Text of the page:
Crowdsourcing – Lawyers Quickly Embracing the Idea

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The statement “all the cool kids are doing it” is usually signals a fad. However, in the case of crowdsourcing, the idea is no longer a trend and quickly becoming a staple of the Internet. While most think of crowdsourcing as start-ups looking for capital, it is actually broader and, in the modern era, encompasses the established idea of asking for help or offering services with an online twist.

Wikipedia defines crowdsourcing as “the practice of obtaining needed services, ideas, or content by soliciting contributions from a large group of people, and especially from an online community, rather than from traditional employees or suppliers.”

The keys in the definition for professional service firms are “services” and “ideas.” PricewaterhouseCoopers identified these methods in a whitepaper published in 2011. Similar to blogs and even websites, law firms may have been weary at first, but once the value was identified, crowdsourcing has become entrenched in the legal arena.

Case in point, AttorneyFee, Jurify, LegalZoom, RocketLawyer, BriefMine and MyRight have all launched within the last couple of years.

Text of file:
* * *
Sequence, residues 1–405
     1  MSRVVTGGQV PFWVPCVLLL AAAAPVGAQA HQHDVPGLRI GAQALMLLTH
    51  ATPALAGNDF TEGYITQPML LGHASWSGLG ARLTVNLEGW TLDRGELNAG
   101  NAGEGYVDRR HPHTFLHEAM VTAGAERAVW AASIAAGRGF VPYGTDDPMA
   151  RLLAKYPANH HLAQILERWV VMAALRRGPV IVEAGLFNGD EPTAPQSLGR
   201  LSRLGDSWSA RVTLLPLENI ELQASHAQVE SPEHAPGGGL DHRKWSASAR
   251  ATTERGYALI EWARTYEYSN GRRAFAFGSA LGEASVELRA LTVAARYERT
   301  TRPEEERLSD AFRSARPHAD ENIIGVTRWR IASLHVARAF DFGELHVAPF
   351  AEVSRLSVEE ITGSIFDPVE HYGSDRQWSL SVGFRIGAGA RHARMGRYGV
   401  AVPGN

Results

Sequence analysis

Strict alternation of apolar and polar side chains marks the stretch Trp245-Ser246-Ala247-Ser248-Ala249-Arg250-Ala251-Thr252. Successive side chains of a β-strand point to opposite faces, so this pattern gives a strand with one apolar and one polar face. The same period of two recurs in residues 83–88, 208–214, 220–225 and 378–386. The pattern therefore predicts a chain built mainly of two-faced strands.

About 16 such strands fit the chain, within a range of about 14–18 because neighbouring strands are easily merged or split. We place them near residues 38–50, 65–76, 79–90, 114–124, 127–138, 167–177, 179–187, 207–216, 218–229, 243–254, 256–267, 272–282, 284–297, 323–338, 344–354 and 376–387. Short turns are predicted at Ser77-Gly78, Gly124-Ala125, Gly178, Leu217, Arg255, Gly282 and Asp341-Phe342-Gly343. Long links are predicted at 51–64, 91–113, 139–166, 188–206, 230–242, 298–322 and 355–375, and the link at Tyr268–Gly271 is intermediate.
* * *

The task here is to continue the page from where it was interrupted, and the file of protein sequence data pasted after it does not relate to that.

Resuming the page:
Adam Ziegler, the founder of Mootus, an online platform for legal argument and insight, said the more he learned about crowdsourcing, the more it made sense as a potential tool for lawyers.

However, it is not just services and research that have embraced crowdsourcing. A divorce law firm in North Carolina turned to a “crowd for marketing help and ended up with more effective pay-per-click ads and a new logo that reflects its practice focus.

Legal marking professionals have even suggested that crowdsourcing can be used for publishing articles and optimizing websites and lawyer bios.

For further proof of crowdsourcing’s influence on the legal industry, consider that others may follow the example of an employee who raised money for an appeal through online donations. The White House even considered crowdsourcing the review of patents.

Needless to say, the population “cool kids doing it” is quickly expanding to lawyers.

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